The Consumer Financial Protection Bureau, the best new federal agency in decades (and, yes, I have a ranking order), just did something so simple, so intuitive and yet so rare in modern policymaking. It banned a harmful activity.
It didn’t force disclosure, empowering consumers to be smart shoppers through awareness of the harmful activity. It didn’t limit the damage from the harmful activity by allowing only a portion of it, or restricting it to a certain consumer class. It just got rid of it. And that could and should be a model for the rest of the federal bureaucracy to follow.
CFPB’s new proposal concerns mandatory arbitration clauses, a sneaky way that corporations protect themselves legally. In many consumer contracts — from your mobile phone to your credit card — companies add fine print that prevents consumers from suing individually or participating in class-action lawsuits over unfair and deceptive practices. Instead, disputes go to an arbitration panel, comprised of mediators paid for by the lenders.
Consumers often don’t even know about this until they try to take their claims to court. Even if companies engage in a systemic practice of ripping off millions of customers $100 at a time, thanks to the arbitration clause, everyone harmed must fight it on their own. Stripped of the ability to pool resources and trapped in an extra-judicial process tilted toward big business, they usually don’t even bother to file the case.
Last March, CFPB released a report on arbitration, finding these clauses in nearly all private student loan contracts as well as those for prepaid cards and payday lenders. In a random sample of 1,060 arbitration cases, corporations received seven times as much in financial rewards as consumers. By contrast, while individual lawsuits didn’t fare much better, class-action lawsuits were successful in obtaining hundreds of millions of dollars in annual relief and changing corporate behavior.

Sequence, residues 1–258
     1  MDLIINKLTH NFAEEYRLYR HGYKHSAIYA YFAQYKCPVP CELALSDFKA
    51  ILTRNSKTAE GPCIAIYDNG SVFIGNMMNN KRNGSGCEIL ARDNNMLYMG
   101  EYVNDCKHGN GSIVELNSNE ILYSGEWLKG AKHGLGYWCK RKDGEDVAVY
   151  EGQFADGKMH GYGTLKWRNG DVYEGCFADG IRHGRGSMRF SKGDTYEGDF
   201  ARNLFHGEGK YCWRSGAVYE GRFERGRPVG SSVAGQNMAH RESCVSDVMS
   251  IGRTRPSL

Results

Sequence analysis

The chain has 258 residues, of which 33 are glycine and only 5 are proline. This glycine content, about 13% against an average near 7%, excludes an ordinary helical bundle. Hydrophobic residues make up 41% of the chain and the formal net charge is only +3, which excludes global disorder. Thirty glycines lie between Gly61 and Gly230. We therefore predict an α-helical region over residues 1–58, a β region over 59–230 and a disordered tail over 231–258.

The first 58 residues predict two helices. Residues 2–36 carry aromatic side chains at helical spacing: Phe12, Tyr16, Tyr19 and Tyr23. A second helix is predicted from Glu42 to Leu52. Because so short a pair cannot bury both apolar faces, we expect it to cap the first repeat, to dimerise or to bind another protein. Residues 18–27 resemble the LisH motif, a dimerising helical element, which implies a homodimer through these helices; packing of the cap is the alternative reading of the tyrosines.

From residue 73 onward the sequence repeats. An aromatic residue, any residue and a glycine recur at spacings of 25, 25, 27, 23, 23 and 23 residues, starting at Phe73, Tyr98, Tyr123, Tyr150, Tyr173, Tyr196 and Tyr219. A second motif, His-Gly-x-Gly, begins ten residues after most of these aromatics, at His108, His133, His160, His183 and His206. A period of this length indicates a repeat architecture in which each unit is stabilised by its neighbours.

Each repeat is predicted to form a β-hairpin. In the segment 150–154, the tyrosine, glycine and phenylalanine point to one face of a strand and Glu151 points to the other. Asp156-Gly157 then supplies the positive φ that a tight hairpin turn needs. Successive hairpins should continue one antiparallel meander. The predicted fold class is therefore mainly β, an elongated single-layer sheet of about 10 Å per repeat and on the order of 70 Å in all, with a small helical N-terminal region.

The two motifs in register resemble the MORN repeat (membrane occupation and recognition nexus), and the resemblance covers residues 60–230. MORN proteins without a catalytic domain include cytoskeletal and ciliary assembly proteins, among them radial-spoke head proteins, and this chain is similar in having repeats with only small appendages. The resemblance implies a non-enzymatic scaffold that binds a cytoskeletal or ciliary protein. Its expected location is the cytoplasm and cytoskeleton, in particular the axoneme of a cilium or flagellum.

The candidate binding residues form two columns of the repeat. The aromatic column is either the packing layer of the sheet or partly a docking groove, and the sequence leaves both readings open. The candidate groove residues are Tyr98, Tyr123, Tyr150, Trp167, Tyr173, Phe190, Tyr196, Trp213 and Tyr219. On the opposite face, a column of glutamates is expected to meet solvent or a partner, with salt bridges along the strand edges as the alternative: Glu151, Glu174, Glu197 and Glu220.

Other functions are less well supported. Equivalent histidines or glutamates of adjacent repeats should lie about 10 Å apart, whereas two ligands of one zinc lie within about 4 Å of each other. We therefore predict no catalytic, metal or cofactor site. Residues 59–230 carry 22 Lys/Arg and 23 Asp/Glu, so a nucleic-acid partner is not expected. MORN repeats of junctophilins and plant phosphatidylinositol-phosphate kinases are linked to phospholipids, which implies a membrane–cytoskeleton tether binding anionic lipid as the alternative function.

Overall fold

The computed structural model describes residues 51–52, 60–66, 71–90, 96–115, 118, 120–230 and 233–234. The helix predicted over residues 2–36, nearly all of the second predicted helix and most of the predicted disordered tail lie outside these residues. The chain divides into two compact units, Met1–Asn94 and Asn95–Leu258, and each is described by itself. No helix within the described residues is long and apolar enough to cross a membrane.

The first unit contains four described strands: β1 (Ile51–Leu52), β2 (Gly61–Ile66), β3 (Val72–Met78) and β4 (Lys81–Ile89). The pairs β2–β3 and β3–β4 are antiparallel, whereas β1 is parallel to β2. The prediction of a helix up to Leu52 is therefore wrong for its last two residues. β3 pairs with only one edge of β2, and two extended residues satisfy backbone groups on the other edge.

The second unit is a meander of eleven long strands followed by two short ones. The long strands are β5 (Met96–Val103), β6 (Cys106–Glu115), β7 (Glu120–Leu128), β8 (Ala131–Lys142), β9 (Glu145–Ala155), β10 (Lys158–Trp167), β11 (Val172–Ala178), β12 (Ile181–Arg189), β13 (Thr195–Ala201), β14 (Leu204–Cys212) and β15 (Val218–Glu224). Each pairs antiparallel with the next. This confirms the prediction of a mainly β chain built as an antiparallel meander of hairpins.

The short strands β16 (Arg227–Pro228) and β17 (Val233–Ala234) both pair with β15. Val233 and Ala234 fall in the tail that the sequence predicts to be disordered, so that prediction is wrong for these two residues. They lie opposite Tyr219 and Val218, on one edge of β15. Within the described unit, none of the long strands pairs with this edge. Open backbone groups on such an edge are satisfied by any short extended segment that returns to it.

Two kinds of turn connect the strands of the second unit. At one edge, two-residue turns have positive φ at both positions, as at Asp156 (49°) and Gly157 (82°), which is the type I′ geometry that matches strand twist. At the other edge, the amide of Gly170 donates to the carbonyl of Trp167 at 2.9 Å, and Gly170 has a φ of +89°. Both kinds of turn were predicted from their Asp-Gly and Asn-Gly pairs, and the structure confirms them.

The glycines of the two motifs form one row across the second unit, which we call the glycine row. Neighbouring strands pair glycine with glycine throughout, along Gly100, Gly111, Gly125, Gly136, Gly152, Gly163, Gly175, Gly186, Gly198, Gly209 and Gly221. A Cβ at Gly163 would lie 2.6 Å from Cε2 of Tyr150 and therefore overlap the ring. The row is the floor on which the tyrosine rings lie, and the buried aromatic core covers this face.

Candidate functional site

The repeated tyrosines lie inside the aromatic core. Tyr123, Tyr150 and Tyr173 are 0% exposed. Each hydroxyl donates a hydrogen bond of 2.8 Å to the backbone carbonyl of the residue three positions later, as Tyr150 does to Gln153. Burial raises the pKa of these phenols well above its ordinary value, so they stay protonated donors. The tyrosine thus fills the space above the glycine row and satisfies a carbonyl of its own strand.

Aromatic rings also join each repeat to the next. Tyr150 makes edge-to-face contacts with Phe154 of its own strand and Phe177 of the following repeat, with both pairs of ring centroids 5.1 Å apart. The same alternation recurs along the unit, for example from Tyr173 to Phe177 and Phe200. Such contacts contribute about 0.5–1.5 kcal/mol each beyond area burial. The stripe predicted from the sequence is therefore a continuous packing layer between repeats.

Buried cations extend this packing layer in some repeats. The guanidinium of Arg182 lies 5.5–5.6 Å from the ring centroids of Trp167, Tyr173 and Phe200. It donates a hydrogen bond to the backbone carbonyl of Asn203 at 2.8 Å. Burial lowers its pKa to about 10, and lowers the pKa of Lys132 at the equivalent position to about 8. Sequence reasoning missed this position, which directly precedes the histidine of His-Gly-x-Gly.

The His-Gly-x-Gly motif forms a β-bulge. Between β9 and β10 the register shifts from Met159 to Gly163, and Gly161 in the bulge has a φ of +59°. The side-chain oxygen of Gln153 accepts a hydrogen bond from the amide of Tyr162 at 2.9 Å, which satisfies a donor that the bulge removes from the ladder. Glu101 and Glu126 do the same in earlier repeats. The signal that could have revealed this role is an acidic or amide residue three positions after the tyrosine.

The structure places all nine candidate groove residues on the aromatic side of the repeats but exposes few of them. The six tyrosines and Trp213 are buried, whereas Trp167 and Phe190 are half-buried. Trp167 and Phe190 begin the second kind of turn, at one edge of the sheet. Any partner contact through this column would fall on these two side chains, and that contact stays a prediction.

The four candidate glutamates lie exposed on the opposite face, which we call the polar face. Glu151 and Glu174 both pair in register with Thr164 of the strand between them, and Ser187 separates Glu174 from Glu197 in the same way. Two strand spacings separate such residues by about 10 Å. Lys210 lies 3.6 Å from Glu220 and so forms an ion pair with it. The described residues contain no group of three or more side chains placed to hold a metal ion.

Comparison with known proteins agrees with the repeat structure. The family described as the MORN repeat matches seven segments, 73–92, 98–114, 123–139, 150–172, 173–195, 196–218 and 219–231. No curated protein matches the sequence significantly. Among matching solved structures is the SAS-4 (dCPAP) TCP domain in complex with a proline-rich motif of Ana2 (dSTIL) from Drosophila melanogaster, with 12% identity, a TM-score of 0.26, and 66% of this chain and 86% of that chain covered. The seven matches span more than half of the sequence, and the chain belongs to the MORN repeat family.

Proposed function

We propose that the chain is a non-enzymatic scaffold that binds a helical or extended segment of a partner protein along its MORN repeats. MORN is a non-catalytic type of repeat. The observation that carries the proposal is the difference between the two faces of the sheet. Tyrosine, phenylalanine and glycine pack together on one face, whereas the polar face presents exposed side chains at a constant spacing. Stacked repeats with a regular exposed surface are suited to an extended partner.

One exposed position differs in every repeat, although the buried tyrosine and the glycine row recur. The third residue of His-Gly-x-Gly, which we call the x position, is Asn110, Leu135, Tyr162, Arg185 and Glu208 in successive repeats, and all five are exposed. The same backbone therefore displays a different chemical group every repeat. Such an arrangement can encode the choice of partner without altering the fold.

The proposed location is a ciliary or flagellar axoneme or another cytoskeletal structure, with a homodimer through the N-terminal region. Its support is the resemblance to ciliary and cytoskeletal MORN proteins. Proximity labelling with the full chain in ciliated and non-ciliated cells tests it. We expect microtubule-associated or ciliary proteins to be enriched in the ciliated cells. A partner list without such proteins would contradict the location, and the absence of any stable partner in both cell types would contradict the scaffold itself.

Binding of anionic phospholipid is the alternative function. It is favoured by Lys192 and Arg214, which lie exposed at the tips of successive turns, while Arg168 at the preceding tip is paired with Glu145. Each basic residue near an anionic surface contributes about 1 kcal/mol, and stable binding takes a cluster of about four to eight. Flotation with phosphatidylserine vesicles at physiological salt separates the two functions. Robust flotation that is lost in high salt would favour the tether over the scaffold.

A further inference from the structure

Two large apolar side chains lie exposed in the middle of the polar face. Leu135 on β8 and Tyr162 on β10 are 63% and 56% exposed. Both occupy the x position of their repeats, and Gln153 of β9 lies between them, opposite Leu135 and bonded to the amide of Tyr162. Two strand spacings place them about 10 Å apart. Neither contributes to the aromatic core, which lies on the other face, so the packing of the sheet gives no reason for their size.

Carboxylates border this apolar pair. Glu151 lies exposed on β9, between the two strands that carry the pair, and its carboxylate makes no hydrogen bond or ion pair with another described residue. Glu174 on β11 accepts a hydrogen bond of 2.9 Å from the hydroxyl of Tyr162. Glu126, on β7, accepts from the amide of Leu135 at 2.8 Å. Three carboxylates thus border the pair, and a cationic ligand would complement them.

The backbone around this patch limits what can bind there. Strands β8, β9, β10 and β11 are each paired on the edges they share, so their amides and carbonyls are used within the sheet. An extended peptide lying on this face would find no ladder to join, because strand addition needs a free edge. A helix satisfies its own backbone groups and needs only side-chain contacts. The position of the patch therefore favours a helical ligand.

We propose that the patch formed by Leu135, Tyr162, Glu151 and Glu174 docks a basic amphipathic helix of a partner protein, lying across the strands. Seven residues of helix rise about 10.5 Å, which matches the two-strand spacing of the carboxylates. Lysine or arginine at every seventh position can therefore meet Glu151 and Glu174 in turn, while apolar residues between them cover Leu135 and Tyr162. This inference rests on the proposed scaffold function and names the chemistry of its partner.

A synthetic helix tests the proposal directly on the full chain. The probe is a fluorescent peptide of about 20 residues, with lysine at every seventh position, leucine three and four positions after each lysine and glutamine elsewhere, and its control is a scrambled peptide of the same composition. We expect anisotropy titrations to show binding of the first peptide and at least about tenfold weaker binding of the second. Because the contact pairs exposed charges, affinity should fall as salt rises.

Corporations have tried hard to restrict class-actions through the judiciary — and they’ve been successful, though a new Supreme Court majority could change that. But even in their crippled state, class-actions do far better than arbitration in giving consumers a fair shot.
The results of the study were clear: Arbitration is a tremendous tool for corporations to stop consumers from banding together. Only banning arbitration clauses that prevent class actions could end this inequitable situation. Amazingly, that’s precisely the proposed rule that CFPB came out with today.
While companies could still use arbitration clauses, they would explicitly not be able to prevent class-action cases. In fact, CFPB would provide the proper language for the clause. This gives a chance for wronged consumers to actually stop the abuse, and it provides a deterrent to companies, because they would be liable in a class action if they ripped off their customers.
The rule applies only to consumer financial products and services — but when you include bank accounts, credit cards, personal loans, payday or auto title loans, money transfers, private student loans and prepaid cards, it would affect hundreds of millions of consumer contracts. It only applies to new accounts and loans, but consumers can cancel existing ones and sign up for new ones that incorporate the arbitration changes. This is a proposed rule, but it’s very likely to go into effect after a 90-day public comment period, as CFPB has been working on it for years.